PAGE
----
Categories: General

Improved type on Firefox for Android

Project Readability

The Firefox UX team has been thinking a lot about type and readability lately, as part of our ongoing goal to make the web more beautiful and more readable on Firefox for Android than on any other mobile web browser.

Since the web is made almost entirely of text, we do a lot of little things to improve the readability of the web, especially on devices with smaller screens. We subtly increase the text size of content to make reading more comfortable (the algorithm we developed for this has actually been adopted by the folks working on Chromium). We  built a beautiful Reader Mode that converts articles into a simpler and more readable format. In fact, more and more, we find that we are comfortable with the baseline legibility of text in Firefox, letting us explore the broader definition of readabilty.

The web deserves great type

Historically, web browsers have relied on operating systems to provide fonts for displaying content. This has evolved with the rise in popularity of web fonts, but many websites still look to the OS for a generic Sans or Sans Serif typeface to use. This is more or less acceptable on desktop computers that ship with tons of fonts, but mobile operating systems don’t tend to provide much in the way of variety (iOS being the exception here, with quite an impressive collection of typefaces from which to draw). Android ships with Roboto, Droid, Droid Serif. All of these are strong for use in UI design, but they aren’t as well suited for the kind of long form content we see on the web.

So we thought, what if Firefox could make the web look better than Android’s default font allow? What if we shipped our own fonts inside the app? It seemed like an interesting opportunity that no one else was doing on Android browsers, so the search for fonts began.

Defining the right typeface

What makes a great typeface? It all depends on the job it needs to accomplish, so we started out by defining a set of criteria for finding the right pairing of serif and sans serif typefaces.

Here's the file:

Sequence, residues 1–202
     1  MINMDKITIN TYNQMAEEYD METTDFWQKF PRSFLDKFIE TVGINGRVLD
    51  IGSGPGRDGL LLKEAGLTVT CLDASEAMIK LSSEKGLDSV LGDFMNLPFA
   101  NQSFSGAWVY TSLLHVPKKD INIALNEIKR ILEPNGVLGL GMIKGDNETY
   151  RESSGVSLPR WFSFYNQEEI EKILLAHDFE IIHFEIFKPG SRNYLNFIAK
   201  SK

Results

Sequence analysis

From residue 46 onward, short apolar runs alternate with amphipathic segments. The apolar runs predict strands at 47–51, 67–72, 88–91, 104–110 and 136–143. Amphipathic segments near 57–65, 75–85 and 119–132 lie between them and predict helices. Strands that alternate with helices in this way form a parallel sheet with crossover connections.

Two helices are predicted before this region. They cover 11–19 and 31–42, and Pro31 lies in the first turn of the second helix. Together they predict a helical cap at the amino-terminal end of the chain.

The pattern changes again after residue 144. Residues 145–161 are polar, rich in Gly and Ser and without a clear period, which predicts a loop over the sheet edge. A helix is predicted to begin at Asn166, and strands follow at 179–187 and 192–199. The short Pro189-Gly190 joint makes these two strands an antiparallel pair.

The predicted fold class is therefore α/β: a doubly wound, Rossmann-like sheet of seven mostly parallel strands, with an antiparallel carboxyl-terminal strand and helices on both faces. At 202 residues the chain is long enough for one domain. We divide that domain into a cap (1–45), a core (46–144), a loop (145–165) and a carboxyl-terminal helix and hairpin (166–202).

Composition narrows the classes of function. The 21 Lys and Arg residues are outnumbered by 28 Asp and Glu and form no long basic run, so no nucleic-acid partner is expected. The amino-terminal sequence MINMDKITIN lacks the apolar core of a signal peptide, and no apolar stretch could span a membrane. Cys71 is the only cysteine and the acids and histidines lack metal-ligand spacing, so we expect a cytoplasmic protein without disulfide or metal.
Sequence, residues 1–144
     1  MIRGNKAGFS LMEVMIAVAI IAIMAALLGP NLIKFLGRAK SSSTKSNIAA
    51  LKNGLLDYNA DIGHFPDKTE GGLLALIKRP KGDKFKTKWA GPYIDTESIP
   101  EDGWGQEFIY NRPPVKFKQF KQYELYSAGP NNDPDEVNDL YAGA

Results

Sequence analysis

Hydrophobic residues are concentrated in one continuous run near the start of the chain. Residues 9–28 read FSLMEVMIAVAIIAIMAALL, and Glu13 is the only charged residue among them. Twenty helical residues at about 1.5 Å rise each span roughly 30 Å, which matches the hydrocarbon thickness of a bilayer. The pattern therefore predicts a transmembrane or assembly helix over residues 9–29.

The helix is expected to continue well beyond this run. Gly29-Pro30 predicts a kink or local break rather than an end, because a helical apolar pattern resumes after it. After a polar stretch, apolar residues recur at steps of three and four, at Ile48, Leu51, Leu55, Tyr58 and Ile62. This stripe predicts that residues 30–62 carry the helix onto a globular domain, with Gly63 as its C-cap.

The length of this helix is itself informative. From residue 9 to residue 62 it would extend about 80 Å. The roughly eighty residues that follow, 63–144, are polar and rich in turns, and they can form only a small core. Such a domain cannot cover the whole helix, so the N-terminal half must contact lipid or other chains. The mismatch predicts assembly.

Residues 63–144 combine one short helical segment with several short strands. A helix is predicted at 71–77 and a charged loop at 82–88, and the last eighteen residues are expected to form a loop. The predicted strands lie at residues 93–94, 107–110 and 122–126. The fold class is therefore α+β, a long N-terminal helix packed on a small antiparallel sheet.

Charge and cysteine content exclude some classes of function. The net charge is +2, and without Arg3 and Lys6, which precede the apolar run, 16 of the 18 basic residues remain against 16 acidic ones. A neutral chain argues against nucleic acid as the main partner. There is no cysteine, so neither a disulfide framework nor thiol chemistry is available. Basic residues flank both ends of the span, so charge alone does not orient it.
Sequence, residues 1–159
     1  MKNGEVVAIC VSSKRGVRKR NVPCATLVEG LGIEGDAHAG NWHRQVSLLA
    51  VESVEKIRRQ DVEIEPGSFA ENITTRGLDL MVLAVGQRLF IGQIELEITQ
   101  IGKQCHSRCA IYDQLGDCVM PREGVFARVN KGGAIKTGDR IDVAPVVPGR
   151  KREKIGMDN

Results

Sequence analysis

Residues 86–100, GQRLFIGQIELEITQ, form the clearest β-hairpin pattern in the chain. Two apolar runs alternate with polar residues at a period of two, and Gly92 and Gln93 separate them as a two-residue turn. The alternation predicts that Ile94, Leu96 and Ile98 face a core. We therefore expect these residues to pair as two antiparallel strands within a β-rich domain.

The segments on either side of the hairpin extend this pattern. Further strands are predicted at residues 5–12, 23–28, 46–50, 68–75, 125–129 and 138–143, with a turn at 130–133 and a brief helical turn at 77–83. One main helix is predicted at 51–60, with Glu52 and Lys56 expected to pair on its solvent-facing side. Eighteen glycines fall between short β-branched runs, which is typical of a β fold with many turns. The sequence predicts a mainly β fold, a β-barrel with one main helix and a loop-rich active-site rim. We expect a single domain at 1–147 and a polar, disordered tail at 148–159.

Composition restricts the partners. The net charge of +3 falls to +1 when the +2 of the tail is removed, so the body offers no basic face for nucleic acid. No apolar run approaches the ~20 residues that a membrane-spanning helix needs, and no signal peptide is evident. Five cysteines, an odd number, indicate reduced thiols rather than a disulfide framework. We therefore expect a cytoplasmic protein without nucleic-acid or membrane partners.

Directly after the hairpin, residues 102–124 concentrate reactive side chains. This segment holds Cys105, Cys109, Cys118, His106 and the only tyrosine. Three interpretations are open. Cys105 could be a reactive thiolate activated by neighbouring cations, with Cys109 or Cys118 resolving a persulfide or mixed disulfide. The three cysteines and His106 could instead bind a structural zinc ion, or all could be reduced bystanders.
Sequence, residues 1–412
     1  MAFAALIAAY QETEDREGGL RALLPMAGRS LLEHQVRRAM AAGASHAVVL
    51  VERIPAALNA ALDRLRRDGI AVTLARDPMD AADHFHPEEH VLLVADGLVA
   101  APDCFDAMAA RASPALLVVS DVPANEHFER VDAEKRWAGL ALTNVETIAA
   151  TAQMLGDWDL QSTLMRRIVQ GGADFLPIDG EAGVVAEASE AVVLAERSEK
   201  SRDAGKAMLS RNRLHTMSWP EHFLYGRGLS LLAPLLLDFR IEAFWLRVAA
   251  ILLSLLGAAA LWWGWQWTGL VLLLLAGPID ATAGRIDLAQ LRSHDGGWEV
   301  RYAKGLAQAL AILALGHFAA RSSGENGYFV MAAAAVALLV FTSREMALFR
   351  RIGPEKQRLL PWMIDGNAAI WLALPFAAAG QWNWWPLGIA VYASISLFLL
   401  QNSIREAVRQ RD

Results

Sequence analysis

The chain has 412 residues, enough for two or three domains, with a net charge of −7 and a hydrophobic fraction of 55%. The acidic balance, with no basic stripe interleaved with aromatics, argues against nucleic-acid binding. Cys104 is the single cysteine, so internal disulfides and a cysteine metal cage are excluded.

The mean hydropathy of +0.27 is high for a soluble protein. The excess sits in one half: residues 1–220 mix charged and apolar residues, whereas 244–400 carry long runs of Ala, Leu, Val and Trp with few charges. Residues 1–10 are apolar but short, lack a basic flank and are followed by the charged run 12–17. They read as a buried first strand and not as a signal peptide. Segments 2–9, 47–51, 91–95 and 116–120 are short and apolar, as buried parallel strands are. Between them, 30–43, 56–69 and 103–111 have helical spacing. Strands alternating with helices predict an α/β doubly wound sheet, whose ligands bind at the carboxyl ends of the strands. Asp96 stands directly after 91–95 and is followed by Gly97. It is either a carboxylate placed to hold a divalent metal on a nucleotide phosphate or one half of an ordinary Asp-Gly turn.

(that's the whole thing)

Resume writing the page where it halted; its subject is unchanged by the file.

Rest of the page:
1. Must be beautifully designed and very comfortably readable
2. Design must be subtle – this is an all-purpose font. Like Helvetica, it should adapt to content but not make any strong statements about itself through its appearance.
3. Must have broad character support for multiple languages (good coverage across Latin/Cyrillic/Greek character sets)

Open vs. Licensed

Given that Firefox is an open source product, the natural place to start was to explore options for open typefaces. Sadly, we often found that either a typeface was beautiful but lacking in character support, or it had great coverage but was either unattractive or simply not appropriate or refined enough for general purpose use. So we moved on and started reaching out to font foundries about licensing fonts to use, and they delivered some of the best fonts available today.

Initially, paying to license fonts seemed like a reasonable alternate solution. It is quite common to pay money to get good design, whether it’s an illustration, a photograph, an icon, a piece of graphic design or a typeface. As discussions evolved with our teams, however, placing a paid font into our app opened up deeper and more philosophical discussions about how to deal with licensed objects inside of open source products. There is a real tension that exists between maintaining our free and open ideals and licensing things that will greatly improve the quality of our products — and that even now it is up for debate as to what the Right Thing to do is.

We felt it would be best to take it to the newsgroups and talk through our options. Paid or Free, Licensed or Open.


So to gather more research in preparation for a newsgroup discussion, we went back and did a much deeper dive into open source typeface design. And in our research, we discovered some open fonts we had missed the first time around.



We also learned that some of the fonts we dismissed early on for lack of  character support actually stacked up much better than we thought!


Unsurprisingly, paid fonts performed exceptionally across the board. However, the open fonts were more competitive this time around. Charis (serif) was a new find, and performed surprisingly well. Open Sans (sans serif) is strong across the board, and has considerably better character support than we initially thought. Gentium and Source Pro were also nice, but were either too distinctive in their design (Gentium), or lacked the character support we require (Source Pro). Even though the quality of design of the paid fonts remained superior to their open alternatives, it became a difference of A+s vs. As, whereas before it was A+s vs. Cs.